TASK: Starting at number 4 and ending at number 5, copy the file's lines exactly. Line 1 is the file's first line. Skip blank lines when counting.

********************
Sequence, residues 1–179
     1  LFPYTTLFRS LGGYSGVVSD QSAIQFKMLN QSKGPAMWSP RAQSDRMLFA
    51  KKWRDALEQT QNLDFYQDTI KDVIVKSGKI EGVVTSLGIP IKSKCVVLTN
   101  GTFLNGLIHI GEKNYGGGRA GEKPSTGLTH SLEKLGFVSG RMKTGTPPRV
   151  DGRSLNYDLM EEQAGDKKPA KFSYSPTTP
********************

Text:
   101  GTFLNGLIHI GEKNYGGGRA GEKPSTGLTH SLEKLGFVSG RMKTGTPPRV
   151  DGRSLNYDLM EEQAGDKKPA KFSYSPTTP